Similarly, an insurer providing coverage for mental health or substance use disorders as part of a network plan shall contract with and maintain a network of participating providers that specialize in mental health and substance use disorder services in sufficient number and appropriate type throughout such plan's service area to ensure covered persons have access to the full scope of mental health and substance use disorder benefits and services covered under such plan.
Additionally, the CATCH Act provides numerous protections for telehealth services. For example, insurers are prohibited from requiring prior authorization, medical review or administrative clearance for a telehealth service that would not be required if such service were provided in person. Insurers also must not deny coverage of a telehealth service based solely on the communication technology or application used to deliver such service.
Beginning January 1, 2025, and annually thereafter, insurers will be required to report data to show compliance with the CATCH Act. Although the new provisions are primarily directed at insurers, employers that sponsor insured group health plans may want to be aware of the requirements.
Mandated Coverage for Biomarker Testing
May 23, 2023
On May 3, 2023, Gov. Moore signed HB 1217/SB 805 into law. The law requires health insurers in Maryland to cover biomarker testing when supported by medical and scientific evidence. Cost-sharing for biomarker testing may not be greater than cost-sharing for similar covered services. As of January 1, 2024, the law applies to policies issued or delivered in the state. Employers sponsoring health plans in Maryland should be aware of this development and contact their carriers for further information.
Restrictions on Step Therapy or Fail-First Protocol
May 23, 2023
On May 3, 2023, Gov. Moore signed HB 785/SB 515 into law, addressing protocols imposed by health insurers that require an insured to use a certain prescription drug or sequence of prescription drugs before covering a prescription drug ordered by a provider (known as “step therapy” or “fail-first” protocols).
Specifically, the law requires health insurers in Maryland to establish a process for insureds to request an exception to a step therapy or fail-first protocol, with deference to the prescriber. The law also prohibits requiring more than a certain number of prior authorizations for a prescription for different dosages of the same prescription drug. As of January 1, 2024, the law applies to policies issued or delivered in the state. Employers sponsoring health plans in Maryland should be aware of this development and contact their carriers for further information.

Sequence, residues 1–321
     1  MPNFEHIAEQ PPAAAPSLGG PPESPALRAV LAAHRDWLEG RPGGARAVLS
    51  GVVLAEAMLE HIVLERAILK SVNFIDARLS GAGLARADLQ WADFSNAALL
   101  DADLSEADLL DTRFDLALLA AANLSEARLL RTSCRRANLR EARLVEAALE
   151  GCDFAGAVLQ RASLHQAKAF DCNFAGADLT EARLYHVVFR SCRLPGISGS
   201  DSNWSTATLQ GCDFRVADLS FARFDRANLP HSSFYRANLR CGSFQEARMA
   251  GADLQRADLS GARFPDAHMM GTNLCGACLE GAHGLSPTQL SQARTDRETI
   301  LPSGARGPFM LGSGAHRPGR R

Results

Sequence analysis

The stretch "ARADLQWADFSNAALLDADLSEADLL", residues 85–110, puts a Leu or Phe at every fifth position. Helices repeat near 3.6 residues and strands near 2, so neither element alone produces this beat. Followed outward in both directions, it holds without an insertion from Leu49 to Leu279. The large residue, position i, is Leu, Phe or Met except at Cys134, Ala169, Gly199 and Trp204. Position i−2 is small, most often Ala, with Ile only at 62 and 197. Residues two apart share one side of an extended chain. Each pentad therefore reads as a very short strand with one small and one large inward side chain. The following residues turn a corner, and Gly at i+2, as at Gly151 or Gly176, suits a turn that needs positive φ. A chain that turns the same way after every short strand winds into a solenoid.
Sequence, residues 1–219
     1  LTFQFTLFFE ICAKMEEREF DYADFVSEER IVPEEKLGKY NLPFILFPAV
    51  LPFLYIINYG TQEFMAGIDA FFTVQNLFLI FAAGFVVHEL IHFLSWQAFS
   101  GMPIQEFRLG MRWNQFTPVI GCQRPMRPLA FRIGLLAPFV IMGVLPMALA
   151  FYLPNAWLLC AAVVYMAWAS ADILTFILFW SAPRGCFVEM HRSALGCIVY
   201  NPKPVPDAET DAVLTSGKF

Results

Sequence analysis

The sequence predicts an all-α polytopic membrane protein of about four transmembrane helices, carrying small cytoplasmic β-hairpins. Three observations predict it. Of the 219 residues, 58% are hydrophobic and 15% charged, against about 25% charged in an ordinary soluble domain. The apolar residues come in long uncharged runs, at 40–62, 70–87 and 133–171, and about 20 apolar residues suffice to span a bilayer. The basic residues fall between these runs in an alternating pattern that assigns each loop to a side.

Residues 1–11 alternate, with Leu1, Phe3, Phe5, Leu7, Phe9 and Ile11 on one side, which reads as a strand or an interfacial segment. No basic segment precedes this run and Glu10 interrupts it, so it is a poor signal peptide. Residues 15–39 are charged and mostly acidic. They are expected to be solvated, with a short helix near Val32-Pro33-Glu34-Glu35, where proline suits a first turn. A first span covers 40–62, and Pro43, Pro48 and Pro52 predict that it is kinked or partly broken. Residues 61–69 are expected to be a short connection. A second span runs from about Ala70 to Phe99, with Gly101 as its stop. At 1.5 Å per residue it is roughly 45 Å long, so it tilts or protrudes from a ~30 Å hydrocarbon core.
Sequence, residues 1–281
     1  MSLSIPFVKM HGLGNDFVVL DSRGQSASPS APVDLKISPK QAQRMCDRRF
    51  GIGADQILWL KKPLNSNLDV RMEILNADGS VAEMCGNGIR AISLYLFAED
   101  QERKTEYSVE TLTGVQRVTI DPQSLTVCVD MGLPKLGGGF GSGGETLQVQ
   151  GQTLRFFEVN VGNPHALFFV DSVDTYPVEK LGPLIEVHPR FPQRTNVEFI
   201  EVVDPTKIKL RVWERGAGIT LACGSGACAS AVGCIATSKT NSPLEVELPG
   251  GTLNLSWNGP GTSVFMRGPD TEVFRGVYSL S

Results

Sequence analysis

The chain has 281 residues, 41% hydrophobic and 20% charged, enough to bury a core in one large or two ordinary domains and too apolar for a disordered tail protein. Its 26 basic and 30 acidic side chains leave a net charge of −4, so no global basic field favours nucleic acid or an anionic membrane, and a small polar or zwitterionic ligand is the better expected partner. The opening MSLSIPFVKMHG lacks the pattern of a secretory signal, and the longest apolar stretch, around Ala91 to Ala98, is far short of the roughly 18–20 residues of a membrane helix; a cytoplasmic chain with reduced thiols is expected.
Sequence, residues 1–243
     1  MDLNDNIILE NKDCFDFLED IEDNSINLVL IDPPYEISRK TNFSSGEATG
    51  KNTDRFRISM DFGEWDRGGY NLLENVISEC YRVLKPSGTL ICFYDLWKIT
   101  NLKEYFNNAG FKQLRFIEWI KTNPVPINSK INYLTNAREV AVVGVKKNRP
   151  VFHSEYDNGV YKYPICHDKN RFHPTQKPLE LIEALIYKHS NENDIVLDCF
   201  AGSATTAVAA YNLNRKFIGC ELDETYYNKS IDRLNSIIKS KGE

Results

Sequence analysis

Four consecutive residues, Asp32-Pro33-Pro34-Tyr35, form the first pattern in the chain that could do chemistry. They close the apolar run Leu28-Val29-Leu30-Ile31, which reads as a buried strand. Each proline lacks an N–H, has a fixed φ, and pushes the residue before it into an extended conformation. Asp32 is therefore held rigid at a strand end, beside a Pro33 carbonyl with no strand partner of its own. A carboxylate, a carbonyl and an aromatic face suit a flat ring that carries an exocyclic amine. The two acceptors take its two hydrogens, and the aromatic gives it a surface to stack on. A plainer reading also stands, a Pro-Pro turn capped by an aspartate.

Mandated Coverage for Breast Cancer Screenings
May 23, 2023
On May 3, 2023, Gov. Moore signed HB 376/SB 184 into law. The law prohibits health insurers in Maryland from imposing cost-sharing on coverage for diagnostic breast examinations and supplemental breast examinations, with the exception of required cost-sharing under a qualified HDHP prior to meeting the deductible. As of January 1, 2024, the law applies to policies issued or delivered in the state. Employers sponsoring health plans in Maryland should be aware of this development and contact their carriers for further information.
Mandated Coverage for Lung Cancer Screenings
May 23, 2023
On May 3, 2023, Gov. Moore signed HB 815/SB 965 into law. The law requires health insurers in Maryland to cover follow-up diagnostic lung cancer screenings without cost-sharing, with the exception of required cost-sharing under a qualified HDHP prior to meeting the deductible. As of January 1, 2024, the law applies to policies issued or delivered in the state. Employers sponsoring health plans in Maryland should be aware of this development and contact their carriers for further information.
This material was created by PPI Benefit Solutions to provide accurate and reliable information on the subjects covered but should not be regarded as a complete analysis of these subjects. It is not intended to provide specific legal, tax or other professional advice. The service of an appropriate professional should be sought regarding your individual situation. PPI does not offer tax or legal advice. "PPI®" is a service mark of Professional Pensions, Inc., a subsidiary of NFP Corp. (NFP). All rights reserved.